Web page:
Around the corner from where I work in London the leaves from the Plane trees have fallen. For a few weeks there’s a beautiful, random autumnal patchwork across the tarmac. It has the feel of a piece by natural sculptor Andy Goldsworthy.
I don’t associate urban cycling with “beauty”, but occasionally there are moments. I suppose beauty is transient and that just what the covering on this stretch of road is. A heavy downfall at a busy time of day and it’ll be gone.
Falling leaves marks a decision point for the cyclist. For the professional racer, the Tour of Lombardy  is known as “The Tour of the Falling Leaves”. It used to mark the end of the professional season. A chance for those weary riders to put their feet up, get fat and relax until it all started again the following March with the “Primavera”, the Milan-San Remo. The calendar is changing and no longer follows the European seasons. There are more opportunities for year-round racing to appeal to a global audience.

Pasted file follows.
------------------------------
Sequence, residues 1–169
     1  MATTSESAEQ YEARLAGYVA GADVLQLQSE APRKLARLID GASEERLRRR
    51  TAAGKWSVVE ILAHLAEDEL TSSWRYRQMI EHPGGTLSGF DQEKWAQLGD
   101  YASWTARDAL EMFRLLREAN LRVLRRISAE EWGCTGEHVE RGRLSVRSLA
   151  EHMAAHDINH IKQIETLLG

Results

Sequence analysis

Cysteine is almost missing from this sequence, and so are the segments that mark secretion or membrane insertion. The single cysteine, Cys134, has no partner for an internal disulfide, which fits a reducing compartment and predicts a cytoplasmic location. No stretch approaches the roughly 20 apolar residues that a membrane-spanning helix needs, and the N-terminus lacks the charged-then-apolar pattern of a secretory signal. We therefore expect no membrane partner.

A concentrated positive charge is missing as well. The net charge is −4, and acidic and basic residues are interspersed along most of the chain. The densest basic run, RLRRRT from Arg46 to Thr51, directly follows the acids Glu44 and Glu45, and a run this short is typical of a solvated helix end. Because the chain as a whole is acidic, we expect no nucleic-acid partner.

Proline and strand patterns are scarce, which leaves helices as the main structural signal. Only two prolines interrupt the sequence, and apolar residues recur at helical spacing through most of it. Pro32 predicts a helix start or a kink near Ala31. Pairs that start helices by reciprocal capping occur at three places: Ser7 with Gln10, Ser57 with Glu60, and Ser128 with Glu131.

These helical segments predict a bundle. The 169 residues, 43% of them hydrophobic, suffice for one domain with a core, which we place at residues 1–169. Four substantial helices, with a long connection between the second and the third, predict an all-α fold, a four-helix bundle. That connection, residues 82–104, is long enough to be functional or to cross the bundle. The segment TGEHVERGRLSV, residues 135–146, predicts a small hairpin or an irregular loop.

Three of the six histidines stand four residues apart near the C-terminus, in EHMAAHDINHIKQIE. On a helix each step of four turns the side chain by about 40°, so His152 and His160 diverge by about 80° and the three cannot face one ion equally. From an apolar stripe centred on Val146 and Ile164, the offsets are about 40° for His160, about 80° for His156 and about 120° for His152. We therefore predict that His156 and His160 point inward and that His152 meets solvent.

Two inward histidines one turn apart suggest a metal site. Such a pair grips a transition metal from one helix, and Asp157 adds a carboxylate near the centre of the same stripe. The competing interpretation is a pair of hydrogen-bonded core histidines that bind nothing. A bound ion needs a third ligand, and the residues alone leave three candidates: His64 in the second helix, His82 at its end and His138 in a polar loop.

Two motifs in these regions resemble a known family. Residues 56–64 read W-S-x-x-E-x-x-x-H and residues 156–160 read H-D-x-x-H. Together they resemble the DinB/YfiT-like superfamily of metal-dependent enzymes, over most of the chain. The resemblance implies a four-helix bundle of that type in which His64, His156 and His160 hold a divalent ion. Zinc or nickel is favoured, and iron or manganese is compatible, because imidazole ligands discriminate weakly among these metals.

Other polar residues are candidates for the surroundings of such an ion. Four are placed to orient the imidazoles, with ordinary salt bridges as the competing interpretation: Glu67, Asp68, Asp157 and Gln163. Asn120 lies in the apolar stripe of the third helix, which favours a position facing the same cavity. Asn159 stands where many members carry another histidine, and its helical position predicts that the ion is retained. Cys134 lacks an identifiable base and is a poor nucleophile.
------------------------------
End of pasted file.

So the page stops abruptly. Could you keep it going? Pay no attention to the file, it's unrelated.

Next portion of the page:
Among the ordinary cyclists, falling leave marks the time to sort the serious from the fair-weather riders. Cycling through the winter requires some dedication and planning. You’ll need to scour the back of the wardrobe for those extra clothes, hats and gloves. Your bike will sprout lights and mud guards. If you’re going to work you’ll notice the bike rack getting emptier and you’ll be scouting out the best radiators to dry your kit on.
 I’d love to visit Italy properly. I went on a school ski trip that happened to be in Italy, but apart from the attention the ski instructor paid all the girls, we could have been anywhere. Years ago I bought an old Italian touring book published by the Italian equivalent of the Automobile Association. From this point on I realised that a weekend mini-break isn’t going to hack it: I’d need at least three months and an open-topped sports car.